There are two main options to fund the college cost: student loans and scholarships.
The difference between scholarships and loans is that students do not pay back scholarships – the money is free. However, students must repay student loans with interest.
The federal government is the source of most student loans; meanwhile, many organizations provide college students with scholarships.
What Is a Student Loan?
Simply stated, a student loan is a loan taken out to cover the costs of a college education. You can get a student loan from the federal government, Discover, some banks, and many other institutions. In fact, your university might offer you a student loan.
Before you sign on the dotted line of a loan agreement, there are several things you should consider. Every student loan program is different from another. For this reason, you should thoroughly research your options.
There are two types of student loans, subsidized and unsubsidized. Subsidized student loans are the ideal loan choice. The lending institution will offer you a subsidized loan amount based on your financial need.
The most important part of this loan type is the repayment program. Subsidized loans do not start earning interest until you graduate. Additionally, you will not be required to make payments until six months after you finish school.
The second type of loan, an unsubsidized student loan, is less forgiving. Lending institutions determine the loan amount based on the cost of attendance. Generally, this results in a larger loan amount.
Unfortunately, an unsubsidized loan requires monthly payments and begins earning interest immediately. While you can defer making payments until six months after graduation, the loan will continue accruing interest.
Always choose a subsidized loan before an unsubsidized one if given the choice.
Related Article: Here’s What Happens If You Stop Paying Student Loan
As mentioned earlier, the federal government lends most student loans in the United States. Applying for a federal loan is easy too.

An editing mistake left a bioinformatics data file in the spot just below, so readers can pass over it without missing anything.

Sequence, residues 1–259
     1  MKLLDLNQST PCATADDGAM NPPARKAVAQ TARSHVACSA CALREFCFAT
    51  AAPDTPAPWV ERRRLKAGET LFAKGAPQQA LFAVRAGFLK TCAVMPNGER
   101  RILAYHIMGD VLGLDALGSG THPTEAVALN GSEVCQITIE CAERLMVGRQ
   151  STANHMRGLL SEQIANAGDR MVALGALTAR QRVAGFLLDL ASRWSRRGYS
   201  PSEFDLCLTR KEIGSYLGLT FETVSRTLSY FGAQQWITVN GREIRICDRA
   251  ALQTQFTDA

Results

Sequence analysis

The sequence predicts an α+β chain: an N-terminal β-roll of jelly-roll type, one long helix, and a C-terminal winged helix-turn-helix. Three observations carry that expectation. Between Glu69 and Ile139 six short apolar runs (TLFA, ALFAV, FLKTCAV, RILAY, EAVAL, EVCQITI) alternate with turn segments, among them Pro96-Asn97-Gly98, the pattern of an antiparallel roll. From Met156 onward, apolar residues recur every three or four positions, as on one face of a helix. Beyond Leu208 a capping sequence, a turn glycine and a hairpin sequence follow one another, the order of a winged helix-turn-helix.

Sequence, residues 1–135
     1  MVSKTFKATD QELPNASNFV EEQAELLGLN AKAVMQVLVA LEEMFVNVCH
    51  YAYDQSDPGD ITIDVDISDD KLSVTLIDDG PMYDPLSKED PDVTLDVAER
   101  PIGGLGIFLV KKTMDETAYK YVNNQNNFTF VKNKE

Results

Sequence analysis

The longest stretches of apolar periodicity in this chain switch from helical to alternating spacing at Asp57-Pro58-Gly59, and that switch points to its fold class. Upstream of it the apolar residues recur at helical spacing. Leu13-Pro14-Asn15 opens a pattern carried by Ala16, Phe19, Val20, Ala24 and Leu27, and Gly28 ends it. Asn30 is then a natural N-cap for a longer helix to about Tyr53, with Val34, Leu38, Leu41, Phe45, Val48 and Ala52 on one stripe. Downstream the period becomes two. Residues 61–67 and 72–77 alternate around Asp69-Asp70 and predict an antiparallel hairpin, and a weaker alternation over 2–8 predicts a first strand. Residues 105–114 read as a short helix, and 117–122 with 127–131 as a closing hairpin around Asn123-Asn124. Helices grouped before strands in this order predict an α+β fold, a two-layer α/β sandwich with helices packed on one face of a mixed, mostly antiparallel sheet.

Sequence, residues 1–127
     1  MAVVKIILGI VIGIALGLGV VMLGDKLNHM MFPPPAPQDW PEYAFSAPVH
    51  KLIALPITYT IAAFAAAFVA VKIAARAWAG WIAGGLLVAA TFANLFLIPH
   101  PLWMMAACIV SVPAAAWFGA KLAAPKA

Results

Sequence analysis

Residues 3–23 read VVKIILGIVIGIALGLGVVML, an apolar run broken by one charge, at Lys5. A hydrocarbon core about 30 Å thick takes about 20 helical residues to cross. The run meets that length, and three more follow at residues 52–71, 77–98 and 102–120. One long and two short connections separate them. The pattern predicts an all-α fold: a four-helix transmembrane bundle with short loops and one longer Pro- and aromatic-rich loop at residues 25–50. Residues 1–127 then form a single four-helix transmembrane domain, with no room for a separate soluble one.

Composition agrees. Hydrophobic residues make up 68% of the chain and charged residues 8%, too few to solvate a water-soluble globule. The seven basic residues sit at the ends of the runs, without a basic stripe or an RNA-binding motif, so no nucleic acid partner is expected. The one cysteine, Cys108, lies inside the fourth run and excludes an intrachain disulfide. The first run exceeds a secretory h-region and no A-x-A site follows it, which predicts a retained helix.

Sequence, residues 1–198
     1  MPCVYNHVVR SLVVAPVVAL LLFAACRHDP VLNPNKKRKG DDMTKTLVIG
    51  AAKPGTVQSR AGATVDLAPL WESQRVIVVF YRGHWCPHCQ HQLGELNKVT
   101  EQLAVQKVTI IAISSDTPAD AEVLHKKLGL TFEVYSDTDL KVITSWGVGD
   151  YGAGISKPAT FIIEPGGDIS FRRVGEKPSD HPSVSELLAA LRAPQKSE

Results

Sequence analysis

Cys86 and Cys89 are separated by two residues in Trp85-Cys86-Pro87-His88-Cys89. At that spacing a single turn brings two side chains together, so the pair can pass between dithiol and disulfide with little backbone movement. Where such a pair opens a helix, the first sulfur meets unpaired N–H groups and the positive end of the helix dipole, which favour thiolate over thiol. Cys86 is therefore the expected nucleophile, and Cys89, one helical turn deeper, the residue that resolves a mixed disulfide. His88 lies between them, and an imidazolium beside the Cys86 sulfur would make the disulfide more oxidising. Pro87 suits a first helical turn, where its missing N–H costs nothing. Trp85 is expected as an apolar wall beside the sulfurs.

Complete the Free Application for Federal Student Aid (FAFSA) every year to receive federal loan offers. The best part of the FAFSA program is that it applies to more than just loans. With just one application, you apply for student loans, scholarships, and grants (we will explain the last two in the sections below). Your university will inform you of the financial aid you qualify for.
The government is not the only one to offer student loans. Other institutions offering student loans include College Avenue, Discover, and Sallie Mae. You should also compare loans from your financial institution or credit union.
When looking at different loans, compare the interest rates and repayment plans. Do not agree to a loan that will be too difficult to repay. Additionally, you should avoid borrowing more than absolutely necessary.
Before accepting any loan, claim any scholarships and grants you qualify for.
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What Is a Scholarship?
Scholarships and grants are essentially the same things. They differ from student loans in that you do not pay them back, except under specific circumstances. We will discuss the exceptions to this rule later, but in general, you will not have to repay any scholarships you receive.
Another difference between student loans and scholarships is the application process. While student loans are awarded based on credit score and cost of attendance, scholarships are awarded with financial need and merit in mind.
As briefly mentioned earlier, there are hundreds if not thousands of organizations that offer scholarships to prospective or currently enrolled college students. Additionally, your FAFSA will apply to federal grants, also called Pell Grants.
The amount of money you receive from a Pell Grant depends on your financial need. Like your student loans, your school will notify you of any Pell Grants awarded to you.
As you prepare for college, people will repeatedly tell you to apply for as many scholarships as possible. Listen to them. The more scholarships you receive, the less money you have to pay out of pocket or with students loans to go to school.